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Give an example of a straight line $l$ in $\mathbb R^3$, given by a system of two equations, and a point $(a,b,c)\in \mathbb R^3$ such that there are infinitely many planes in $\mathbb R^3$ passing through $l$ and $(a,b,c)$. Justify your answer.

Straight line defined by $x−y=1,y−z=2$ and point $(1,2,3)$ (from a previous question) rather than point $(1,2,3)$ can we just give any point on the line because as long as its on the straight line there will be infinitely many planes?

Is this correct logic? its a strange question, I have never attempted one like this before so sorry if the answer is trivial.

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That point isn't on that line (just plug it in).

Other than that, yes, you could take any point on the line.

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  • $\begingroup$ So could I just state any point on the line with an explanation centred around the fact that you'll get infinitely many planes if and only if they lie on a straight line. $\endgroup$ – Daniel Jul 14 '15 at 15:26
  • $\begingroup$ @Jack: Well, the "only if" part is true, but you don't need it; they just asked for any such point and line. So it's enough to argue that there are infinitely many planes passing through a given line, and that if the point is on the line then they all also pass through the point. $\endgroup$ – joriki Jul 14 '15 at 15:28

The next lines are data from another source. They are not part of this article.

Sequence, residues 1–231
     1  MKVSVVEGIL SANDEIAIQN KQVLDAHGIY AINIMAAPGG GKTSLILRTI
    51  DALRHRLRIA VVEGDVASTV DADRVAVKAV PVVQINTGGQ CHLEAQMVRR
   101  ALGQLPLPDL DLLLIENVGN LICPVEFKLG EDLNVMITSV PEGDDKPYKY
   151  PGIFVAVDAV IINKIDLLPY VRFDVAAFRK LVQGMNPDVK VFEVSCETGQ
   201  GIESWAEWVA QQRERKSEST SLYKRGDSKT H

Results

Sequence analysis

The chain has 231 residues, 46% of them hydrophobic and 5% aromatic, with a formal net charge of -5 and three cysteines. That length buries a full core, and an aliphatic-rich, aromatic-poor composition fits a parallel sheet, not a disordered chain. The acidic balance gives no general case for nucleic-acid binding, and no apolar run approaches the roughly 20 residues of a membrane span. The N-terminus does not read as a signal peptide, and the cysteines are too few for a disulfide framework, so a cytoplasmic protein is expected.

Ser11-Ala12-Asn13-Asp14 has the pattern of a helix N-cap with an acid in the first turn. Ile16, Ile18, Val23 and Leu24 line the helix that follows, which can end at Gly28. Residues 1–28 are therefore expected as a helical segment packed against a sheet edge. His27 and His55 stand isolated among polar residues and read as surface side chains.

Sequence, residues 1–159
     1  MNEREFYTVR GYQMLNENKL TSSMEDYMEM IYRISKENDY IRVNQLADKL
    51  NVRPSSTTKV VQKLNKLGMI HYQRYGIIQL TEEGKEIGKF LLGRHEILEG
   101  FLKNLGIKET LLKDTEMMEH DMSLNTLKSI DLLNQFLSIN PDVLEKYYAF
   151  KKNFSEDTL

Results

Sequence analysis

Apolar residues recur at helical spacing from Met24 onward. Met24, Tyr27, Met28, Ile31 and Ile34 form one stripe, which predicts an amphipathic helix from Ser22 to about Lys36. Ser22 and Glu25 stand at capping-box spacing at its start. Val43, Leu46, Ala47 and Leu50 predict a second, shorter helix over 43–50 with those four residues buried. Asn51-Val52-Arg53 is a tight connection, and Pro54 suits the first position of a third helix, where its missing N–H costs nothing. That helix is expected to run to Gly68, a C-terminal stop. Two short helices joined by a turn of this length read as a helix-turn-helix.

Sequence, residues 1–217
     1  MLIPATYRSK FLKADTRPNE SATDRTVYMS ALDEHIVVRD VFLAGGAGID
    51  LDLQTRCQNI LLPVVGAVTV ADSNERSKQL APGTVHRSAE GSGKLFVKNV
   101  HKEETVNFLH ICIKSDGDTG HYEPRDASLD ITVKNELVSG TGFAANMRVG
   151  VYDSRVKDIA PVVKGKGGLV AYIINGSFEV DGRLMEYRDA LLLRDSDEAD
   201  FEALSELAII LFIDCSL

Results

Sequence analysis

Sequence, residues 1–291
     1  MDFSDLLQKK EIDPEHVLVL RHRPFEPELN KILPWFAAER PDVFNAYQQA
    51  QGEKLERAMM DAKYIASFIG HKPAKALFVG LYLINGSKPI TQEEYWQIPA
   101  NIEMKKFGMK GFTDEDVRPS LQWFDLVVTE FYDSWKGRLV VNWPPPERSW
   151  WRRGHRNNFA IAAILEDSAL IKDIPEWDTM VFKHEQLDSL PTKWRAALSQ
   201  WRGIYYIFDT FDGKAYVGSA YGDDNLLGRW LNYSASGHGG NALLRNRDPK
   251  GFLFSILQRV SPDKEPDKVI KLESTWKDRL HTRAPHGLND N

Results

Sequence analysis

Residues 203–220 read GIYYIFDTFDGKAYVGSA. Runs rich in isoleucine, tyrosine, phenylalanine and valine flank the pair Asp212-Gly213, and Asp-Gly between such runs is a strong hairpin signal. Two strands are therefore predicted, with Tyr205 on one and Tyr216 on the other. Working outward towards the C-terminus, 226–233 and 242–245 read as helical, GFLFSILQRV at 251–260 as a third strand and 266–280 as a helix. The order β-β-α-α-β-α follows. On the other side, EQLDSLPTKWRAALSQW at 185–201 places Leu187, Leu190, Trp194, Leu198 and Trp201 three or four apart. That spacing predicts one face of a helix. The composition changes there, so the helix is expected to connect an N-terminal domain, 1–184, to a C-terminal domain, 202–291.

• $\begingroup$ This seems right to me, the question was on an old test paper and is worth 6/60...so I'd presume that explanation would be proficient $\endgroup$ – Daniel Jul 14 '15 at 15:33
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can we just give any point on the line because as long as its on the straight line there will be infinitely many planes?

I'm not sure if this is enough of a justification or rigorous enough. It merely states that "the solution is correct, because it fullfills all requirements of the task", but it doesn't show how that's the case.

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  • $\begingroup$ I must admit I do find the question a bit odd, if its not a case of stating a point on the line what else could be done? $\endgroup$ – Daniel Jul 14 '15 at 15:25

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